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Publication numberUS8049104 B2
Publication typeGrant
Application numberUS 12/571,415
Publication dateNov 1, 2011
Filing dateSep 30, 2009
Priority dateSep 30, 2009
Also published asUS20110076796
Publication number12571415, 571415, US 8049104 B2, US 8049104B2, US-B2-8049104, US8049104 B2, US8049104B2
InventorsS. Brad Herner, Mark H. Clark
Original AssigneeTwin Creek Technologies, Inc.
Export CitationBiBTeX, EndNote, RefMan
External Links: USPTO, USPTO Assignment, Espacenet
Intermetal stack for use in a photovoltaic cell
US 8049104 B2
Abstract
A donor silicon wafer may be bonded to a substrate and a lamina cleaved from the donor wafer. A photovoltaic cell may be formed from the lamina bonded to the substrate. An intermetal stack is described that is optimized for use in such a cell. The intermetal stack may include a transparent conductive oxide layer serving as a quarter-wave plate, a low resistance layer, an adhesion layer to help adhesion to the receiver element, and may also include a barrier layer to prevent or impede unwanted diffusion within the stack.
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Claims(6)
1. A method comprising the steps of:
providing a substantially crystalline semiconductor lamina and a receiver element, wherein a transparent conductive oxide layer and a metal layer or stack are disposed between the lamina and the receiver element; and
heating the lamina, receiver element, and transparent conductive oxide and metal layer or stack to at least about 450 degrees C.,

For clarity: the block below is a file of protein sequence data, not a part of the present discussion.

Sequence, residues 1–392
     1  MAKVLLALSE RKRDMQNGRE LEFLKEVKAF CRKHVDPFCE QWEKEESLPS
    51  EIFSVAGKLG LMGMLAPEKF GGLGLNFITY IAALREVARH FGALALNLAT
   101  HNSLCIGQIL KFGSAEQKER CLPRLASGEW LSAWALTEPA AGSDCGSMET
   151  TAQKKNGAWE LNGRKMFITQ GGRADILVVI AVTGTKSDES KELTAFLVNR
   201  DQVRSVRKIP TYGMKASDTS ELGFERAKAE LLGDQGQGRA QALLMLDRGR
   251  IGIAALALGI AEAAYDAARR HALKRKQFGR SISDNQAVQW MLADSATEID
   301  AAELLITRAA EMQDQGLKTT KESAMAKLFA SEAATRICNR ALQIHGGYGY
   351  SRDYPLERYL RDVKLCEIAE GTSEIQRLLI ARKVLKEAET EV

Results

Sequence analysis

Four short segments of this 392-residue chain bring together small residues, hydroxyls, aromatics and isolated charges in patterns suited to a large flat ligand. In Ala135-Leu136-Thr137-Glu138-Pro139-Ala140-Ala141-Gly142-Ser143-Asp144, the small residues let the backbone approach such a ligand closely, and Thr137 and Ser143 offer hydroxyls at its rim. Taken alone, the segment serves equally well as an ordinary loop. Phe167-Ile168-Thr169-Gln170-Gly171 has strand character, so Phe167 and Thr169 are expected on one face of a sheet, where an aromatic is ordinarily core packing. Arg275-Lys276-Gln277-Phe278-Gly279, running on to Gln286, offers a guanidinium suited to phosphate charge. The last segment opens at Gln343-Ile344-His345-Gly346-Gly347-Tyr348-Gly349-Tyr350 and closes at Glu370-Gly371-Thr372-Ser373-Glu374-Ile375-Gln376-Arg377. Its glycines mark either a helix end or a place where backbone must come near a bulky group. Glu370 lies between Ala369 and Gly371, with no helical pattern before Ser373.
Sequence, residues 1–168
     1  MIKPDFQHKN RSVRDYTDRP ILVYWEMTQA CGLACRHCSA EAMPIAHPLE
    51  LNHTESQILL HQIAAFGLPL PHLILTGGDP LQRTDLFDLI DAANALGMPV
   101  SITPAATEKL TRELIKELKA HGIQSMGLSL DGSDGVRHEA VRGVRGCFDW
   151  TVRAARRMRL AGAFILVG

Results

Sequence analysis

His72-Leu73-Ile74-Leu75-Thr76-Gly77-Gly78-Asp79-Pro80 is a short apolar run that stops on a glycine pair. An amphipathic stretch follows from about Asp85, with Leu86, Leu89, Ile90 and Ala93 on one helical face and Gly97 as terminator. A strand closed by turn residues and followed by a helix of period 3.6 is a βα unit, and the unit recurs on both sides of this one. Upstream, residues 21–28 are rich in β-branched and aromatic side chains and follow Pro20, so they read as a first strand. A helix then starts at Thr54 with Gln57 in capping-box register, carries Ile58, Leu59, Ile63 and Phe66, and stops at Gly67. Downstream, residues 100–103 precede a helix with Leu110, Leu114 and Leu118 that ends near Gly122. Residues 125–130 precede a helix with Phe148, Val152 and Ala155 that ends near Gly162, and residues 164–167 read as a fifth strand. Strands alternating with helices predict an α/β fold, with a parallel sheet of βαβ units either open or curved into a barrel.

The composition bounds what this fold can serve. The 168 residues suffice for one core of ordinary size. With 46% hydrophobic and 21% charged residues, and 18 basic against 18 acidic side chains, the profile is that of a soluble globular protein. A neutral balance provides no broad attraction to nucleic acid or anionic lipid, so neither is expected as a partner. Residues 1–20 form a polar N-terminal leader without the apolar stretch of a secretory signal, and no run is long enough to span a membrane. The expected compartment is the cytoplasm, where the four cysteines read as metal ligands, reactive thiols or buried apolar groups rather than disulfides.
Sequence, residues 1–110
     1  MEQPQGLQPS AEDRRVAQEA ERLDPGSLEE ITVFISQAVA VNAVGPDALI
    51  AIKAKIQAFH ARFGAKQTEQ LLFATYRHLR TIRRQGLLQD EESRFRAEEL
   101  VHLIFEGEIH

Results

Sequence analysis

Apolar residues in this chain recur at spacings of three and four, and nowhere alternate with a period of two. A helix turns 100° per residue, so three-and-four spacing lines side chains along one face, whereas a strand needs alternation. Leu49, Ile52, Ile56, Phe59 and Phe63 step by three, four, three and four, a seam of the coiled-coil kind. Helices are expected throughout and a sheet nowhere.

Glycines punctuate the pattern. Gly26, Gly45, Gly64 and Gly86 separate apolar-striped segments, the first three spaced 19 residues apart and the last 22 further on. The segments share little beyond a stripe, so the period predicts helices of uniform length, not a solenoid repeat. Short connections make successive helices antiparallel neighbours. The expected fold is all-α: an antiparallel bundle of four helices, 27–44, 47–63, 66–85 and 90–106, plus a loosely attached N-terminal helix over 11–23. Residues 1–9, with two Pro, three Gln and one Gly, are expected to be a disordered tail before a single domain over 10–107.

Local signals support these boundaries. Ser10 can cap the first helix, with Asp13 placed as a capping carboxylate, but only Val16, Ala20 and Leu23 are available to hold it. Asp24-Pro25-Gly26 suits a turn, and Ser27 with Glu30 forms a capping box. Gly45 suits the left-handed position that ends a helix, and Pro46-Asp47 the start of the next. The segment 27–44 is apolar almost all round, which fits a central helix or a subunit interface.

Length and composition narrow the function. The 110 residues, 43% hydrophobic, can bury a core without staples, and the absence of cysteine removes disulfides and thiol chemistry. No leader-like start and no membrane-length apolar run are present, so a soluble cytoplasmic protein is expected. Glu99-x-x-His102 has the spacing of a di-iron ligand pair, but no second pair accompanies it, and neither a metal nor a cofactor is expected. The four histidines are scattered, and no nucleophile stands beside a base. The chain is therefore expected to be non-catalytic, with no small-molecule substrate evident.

wherein the lamina is suitable for use in a photovoltaic cell, and wherein the metal layer or stack comprises a layer of nickel or a nickel alloy.
2. The method of claim 1 wherein the transparent conductive oxide is indium tin oxide and the metal layer or stack comprises a layer of nickel or a nickel alloy in immediate contact with the indium tin oxide.
3. The method of claim 1 wherein the metal layer or stack comprises (a) a layer of nickel or a nickel alloy, and (b) a layer of titanium nitride, and (c) a layer of titanium or a titanium alloy.
4. A method comprising the steps of:
providing a semiconductor donor body having a cleave plane defined within;
affixing a semiconductor donor body to a receiver element, wherein a transparent conductive oxide and a metal layer or stack are disposed between the donor body and the receiver element;
cleaving a semiconductor lamina from the semiconductor donor body at the cleave plane, wherein the lamina remains affixed to the receiver element;
heating the lamina, receiver element, and transparent conductive oxide and metal layer or stack to at least about 450 degrees C.;
forming a hole or channel in the lamina by laser ablation; and
forming an electrical contact to the transparent conductive oxide in the hole or channel;
wherein the lamina is suitable for use in a photovoltaic cell.
5. A method comprising the steps of:
providing a semiconductor donor body having a cleave plane defined within;